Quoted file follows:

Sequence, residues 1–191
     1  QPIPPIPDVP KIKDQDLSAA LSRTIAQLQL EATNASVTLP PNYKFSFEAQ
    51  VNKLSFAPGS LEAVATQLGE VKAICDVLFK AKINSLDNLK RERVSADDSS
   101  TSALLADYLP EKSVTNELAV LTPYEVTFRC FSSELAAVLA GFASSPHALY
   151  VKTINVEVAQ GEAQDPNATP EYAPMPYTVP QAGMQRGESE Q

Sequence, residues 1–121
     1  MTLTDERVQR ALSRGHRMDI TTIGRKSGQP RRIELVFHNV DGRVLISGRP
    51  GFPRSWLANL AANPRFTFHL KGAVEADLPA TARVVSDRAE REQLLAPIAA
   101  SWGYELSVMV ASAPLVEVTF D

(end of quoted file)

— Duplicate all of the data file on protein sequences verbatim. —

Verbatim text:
Sequence, residues 1–191
     1  QPIPPIPDVP KIKDQDLSAA LSRTIAQLQL EATNASVTLP PNYKFSFEAQ
    51  VNKLSFAPGS LEAVATQLGE VKAICDVLFK AKINSLDNLK RERVSADDSS
   101  TSALLADYLP EKSVTNELAV LTPYEVTFRC FSSELAAVLA GFASSPHALY
   151  VKTINVEVAQ GEAQDPNATP EYAPMPYTVP QAGMQRGESE Q

Sequence, residues 1–121
     1  MTLTDERVQR ALSRGHRMDI TTIGRKSGQP RRIELVFHNV DGRVLISGRP
    51  GFPRSWLANL AANPRFTFHL KGAVEADLPA TARVVSDRAE REQLLAPIAA
   101  SWGYELSVMV ASAPLVEVTF D